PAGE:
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Elon’s '30 Minutes' show wins College Television Awards Emmy

The student news program was recognized in the magazine category of the 37th College Television Awards presented on May 25 by the Television Academy Foundation.

Members of Elon University’s “30 Minutes” news broadcast celebrate the program’s first-place finish in the magazine category of the 37th College Television Awards. Pictured (from left) are Jennie Hook ’16, Ryan Kathleen Greene ’15, Eric Halperin ’15 and Brian Mezerski ’15. Photo courtesy of Mezerski

During her acceptance speech at the 37th College Television Awards, presented by the Television Academy Foundation in Los Angeles, Elon University alumna Ryan Kathleen Greene ’15 exhibited what reliable journalists possess: unapologetic honesty.

Moments after “30 Minutes,” Elon’s half-hour student news broadcast, captured first place in the competition’s magazine category, Greene lifted her left hand to the audience, revealing smudged ink on her palm.

“I’m quickly learning why they told us to write a speech because I wrote it on my hand, and I got very nervous and sweated it right off,” said Greene, who produced the award-winning entry. “I don’t know why I’m telling you guys, but whatever.”

The same authenticity Greene displayed at the College Television Awards – informally known as the College Emmy Awards — can be found in the “30 Minutes” broadcast, created in spring 2015 as part of Associate Professor Rich Landesberg’s “60 Minutes” master class.

The half-hour show includes exhaustive reporting on the topics of post-cancer breast reconstruction, American-Muslim culture in the 21st century, and one man’s attempt to revitalize downtown Burlington.

In addition to Greene, the show contributors included classmates Jonathan Black ’15, Libby Gormley ’15, Eric Halperin ’15, Jennie Hook ’16, Brennan McGovern ’15, Matt Mintzer ’15, Amory Parks ’16, Jasmine Turner ’15 and Preston Willett ’15. Al Drago ’15 and Brian Mezerski ’15 also served as the course's teaching assistants. Halperin, Hook and Mezerski joined Greene on stage during the ceremony.

Landesberg explained the “60 Minutes” class drew strength from one another because they represented many of the disciplines taught in the School of Communications. He noted the class included students not only interested in broadcast journalism, but also print journalism, photojournalism, and entertainment and documentary production.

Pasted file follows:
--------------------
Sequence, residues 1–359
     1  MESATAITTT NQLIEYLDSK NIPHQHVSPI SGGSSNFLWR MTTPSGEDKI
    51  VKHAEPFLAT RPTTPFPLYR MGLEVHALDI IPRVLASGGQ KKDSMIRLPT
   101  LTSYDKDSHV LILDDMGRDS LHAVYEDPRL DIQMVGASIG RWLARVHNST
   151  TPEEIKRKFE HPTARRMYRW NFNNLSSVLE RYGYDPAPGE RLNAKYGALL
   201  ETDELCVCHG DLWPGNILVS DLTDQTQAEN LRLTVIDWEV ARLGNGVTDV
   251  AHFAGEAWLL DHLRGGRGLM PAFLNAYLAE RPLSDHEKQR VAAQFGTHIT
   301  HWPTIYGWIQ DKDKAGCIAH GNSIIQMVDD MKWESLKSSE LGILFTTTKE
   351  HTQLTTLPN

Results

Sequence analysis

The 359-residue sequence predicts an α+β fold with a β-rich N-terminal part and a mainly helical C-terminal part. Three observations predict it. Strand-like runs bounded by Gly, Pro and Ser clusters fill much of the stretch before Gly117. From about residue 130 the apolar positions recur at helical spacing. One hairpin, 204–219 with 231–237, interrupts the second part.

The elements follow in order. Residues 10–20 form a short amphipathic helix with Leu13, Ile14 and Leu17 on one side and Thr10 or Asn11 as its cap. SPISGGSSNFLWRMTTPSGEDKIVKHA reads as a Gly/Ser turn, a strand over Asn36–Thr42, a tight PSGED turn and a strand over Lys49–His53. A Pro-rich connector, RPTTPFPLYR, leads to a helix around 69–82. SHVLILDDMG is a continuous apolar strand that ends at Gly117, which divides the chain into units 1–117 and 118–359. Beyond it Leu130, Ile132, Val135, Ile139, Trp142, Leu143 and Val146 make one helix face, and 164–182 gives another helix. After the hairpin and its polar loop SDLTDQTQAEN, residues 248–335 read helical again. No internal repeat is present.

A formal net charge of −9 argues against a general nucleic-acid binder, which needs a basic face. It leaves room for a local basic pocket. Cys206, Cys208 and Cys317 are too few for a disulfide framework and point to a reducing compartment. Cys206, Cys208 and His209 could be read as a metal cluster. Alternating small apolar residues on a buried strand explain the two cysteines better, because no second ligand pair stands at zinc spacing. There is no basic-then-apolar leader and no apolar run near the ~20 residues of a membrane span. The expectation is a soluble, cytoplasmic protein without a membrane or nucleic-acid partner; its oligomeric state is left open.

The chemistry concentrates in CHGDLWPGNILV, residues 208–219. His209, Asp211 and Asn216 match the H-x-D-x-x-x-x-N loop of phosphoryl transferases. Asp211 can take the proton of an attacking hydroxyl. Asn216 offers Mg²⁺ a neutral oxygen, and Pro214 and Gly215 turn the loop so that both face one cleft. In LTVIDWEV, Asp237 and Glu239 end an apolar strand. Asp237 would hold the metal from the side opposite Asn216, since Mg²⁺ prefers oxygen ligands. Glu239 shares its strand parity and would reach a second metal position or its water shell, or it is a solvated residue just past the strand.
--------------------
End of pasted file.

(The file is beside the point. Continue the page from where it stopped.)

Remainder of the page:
“All of these individuals brought different aesthetics, different news sense and different ideas to the table. They stretched themselves. But they all had the same basic drive, which was to tell a compelling story,” he said.

This determination is evident in the students’ finished product, Landesberg added. The students reported on topics of interest beyond the campus’ walls, including a sensitive piece on breast cancer.

“They told it with great empathy, as well as with great information,” he said of the segment. “They gained the trust of people who were putting themselves in a very vulnerable position. In the end, they came out with a piece that was emotional, informative and compelling television.”

Greene lifts her left hand revealing smudged speech remarks on her palm. Photo courtesy of the Television Academy Foundation

​As part of her acceptance speech, Greene, who now serves as a marketing and creative production associate at ABC News, acknowledged many of the individuals who influenced the broadcast, including Michael Radutzky, chair of the School of Communications Advisory Board and senior producer of “60 Minutes.”

During the university’s 2015 spring break, the master class traveled to New York City to meet with Radutzky and “60 Minutes” Executive Editor Bill Owens, who spent more than an hour reviewing and critiquing the students’ investigative pieces.

Greene sincerely thanked Radutzky for “ripping our stories apart and letting us put them back together.” The graduate's full acceptance speech is available on the Television Academy Foundation’s website.

Landesberg also commended the students for their resolve, aptly handling constructive criticism from individuals both inside and outside their newsroom.

“They never gave up even in the face of some wilting critiques, whether it was from the staff at ‘60 Minutes,’ from me, or from each other,” he said. “It was an incredibly self-motivated group.”

Other nominees in the magazine category included Pennsylvania State University and City University of New York’s Graduate School of Journalism.

Bellamy Young, the actress best known for her role as Mellie Grant on ABC’s drama series “Scandal,” presented the award to the Elon contingent.

The College Television Awards event, held this year at the Skirball Cultural Center, is considered the nation’s foremost competition for television students. Sponsored by the Television Academy Foundation, the annual event and its student entries are judged by TV Academy members.

Tommy Kopetskie,
Staff
5/26/2016 12:10 PM